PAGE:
Meanwhile, nata de coco is a translucent and jelly-like food, although it is firmer and chewier than traditional Jello. It is usually sweetened, cut into small cubes, and sold in jars. It is a popular add-on in drinks, ice creams, fruit salads, and other desserts. Nata de coco originated in the Philippines, although it has also since become popular in Indonesia, Malaysia, and Thailand.
Coconut water may sometimes be confused with coconut milk, and coconut milk with coconut cream. In truth, all three products are different. Coconut water, as previously mentioned, is the liquid that you will get directly from the coconut fruit when you cut or crack it open. While it is most popularly consumed as a beverage, coconut water can also be used in cooking, especially for dishes that require or do well with a slightly sweet flavor.
Coconut milk, on the other hand, is derived from the grated meat of a mature coconut (about 11 to 12 months). When crushed or pressed, this mature coconut meat will yield coconut milk. Unlike coconut water, which can be translucent white to almost clear depending on how young the coconut is, coconut milk has an opaque white color and a thicker consistency, almost like cow’s milk. It can be consumed as a drink as is, although some may find the rather oily texture and taste difficult to get used to; most will find it more palatable to mix coconut milk in other beverages like fruit smoothies or desserts like homemade ice cream. Coconut milk is a popular ingredient in many South Asian and Southeast Asian dishes, as well as in Caribbean and South American cuisine.
Meanwhile, coconut cream is derived by either boiling grated coconut meat with a mixture of coconut water and milk, or refrigerating coconut milk for about eight hours. If you choose to refrigerate coconut milk, the cream will separate and rise to the top after it sets. Coconut cream can be used for various dishes and desserts like curries, smoothies, and yogurts, or as a thickening agent for soups. It can also be whipped to make coconut whipped cream.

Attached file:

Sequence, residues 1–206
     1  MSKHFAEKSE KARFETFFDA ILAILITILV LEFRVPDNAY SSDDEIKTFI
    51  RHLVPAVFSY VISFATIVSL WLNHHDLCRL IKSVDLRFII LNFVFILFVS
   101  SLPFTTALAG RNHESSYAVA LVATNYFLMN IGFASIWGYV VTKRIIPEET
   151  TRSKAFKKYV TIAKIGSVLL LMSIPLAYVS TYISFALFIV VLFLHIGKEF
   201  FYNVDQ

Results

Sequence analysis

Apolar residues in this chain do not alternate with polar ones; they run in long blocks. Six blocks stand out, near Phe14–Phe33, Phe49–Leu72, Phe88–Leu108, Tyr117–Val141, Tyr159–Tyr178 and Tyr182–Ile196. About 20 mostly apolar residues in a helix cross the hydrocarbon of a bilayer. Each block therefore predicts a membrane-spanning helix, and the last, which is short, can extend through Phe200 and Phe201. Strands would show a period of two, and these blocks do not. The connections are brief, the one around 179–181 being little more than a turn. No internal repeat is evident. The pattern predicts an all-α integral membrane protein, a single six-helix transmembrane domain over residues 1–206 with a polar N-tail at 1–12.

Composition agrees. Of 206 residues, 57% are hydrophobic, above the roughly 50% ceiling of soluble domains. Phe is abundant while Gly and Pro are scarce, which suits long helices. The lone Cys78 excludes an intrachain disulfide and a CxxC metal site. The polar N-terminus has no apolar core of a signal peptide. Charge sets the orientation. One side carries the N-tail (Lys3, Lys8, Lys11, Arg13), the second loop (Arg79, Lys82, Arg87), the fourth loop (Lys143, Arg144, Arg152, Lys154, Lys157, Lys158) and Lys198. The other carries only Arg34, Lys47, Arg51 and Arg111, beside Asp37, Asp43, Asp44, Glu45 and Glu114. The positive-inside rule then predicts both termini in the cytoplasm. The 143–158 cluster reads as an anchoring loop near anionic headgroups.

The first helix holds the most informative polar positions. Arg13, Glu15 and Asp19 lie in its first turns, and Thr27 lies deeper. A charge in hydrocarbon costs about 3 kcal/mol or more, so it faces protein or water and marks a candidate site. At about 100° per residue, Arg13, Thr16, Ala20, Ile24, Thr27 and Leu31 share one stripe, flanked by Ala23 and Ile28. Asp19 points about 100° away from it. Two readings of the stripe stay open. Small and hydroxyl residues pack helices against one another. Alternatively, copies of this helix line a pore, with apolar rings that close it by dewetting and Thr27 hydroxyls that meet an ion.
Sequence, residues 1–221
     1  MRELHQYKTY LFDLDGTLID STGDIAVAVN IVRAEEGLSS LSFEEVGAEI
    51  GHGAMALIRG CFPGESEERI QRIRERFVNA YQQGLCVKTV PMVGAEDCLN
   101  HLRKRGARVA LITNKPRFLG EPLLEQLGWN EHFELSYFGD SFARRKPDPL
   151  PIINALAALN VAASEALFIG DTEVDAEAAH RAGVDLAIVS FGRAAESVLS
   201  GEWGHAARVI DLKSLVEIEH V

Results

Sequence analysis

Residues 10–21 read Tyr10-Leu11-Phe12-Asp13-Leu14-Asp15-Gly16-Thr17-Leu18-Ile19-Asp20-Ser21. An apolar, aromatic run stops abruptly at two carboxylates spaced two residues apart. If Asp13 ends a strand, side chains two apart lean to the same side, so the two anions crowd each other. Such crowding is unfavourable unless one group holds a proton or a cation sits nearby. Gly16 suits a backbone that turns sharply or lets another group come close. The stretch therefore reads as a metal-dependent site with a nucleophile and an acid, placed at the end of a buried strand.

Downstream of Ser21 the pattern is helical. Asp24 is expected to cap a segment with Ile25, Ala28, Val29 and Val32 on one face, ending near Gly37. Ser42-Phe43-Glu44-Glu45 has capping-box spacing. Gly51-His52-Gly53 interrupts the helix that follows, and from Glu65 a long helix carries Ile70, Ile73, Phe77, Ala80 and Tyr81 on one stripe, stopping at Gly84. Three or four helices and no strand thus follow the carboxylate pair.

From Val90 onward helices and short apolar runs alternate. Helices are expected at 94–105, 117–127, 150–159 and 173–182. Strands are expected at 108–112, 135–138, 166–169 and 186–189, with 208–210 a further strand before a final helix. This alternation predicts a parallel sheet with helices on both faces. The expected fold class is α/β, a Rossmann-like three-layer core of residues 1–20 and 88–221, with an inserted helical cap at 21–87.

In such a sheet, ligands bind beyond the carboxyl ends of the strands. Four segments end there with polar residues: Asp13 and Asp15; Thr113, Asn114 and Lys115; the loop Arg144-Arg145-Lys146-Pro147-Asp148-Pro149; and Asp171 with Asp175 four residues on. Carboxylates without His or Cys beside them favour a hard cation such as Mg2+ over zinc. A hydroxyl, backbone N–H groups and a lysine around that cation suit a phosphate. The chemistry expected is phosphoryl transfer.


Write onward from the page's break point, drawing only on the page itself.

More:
The Philippines is a conducive environment for cultivating quality coconuts. The tropical climate, with its humid air, sufficient annual rainfall, and many coastlines with sandy soil, is the perfect condition in which all varieties of coconuts thrive. This is why Roxas Sigma Agriventures, Inc. (RSAI) chose to establish its Integrated Coconut Processing Plant in the Philippines, specifically in Tupi, South Cotabato.
The SOCCSKSARGEN region, to which South Cotabato belongs, is one of the biggest producers of coconuts in the Philippines, with an estimated 250,000 hectares of land dedicated to this crop. The entire region produced close to 1.8 million metric tons of coconuts in 2015, which is 20 times more than RSAI’s projected total annual requirement at full capacity.
RSAI’s coconut water is extracted from these high-quality coconuts that are about 9 months old for the right amount of sweetness and refreshing taste. This water is mechanically filtered to remove any coconut meat and then centrifuged to separate the residual oil from the water. The resulting purified coconut water is pasteurized to kill any pathogens, after which it undergoes RSAI’s proprietary multi-stage evaporation process to preserve its taste and natural nutrients and is then concentrated to 60°Br and frozen in 265 kg bag-in-steel drums.
RSAI’s frozen Coconut Water Concentrate is shipped frozen to customers. It has no added sugars, artificial preservatives, colors, and flavors — only pure coconut water goodness.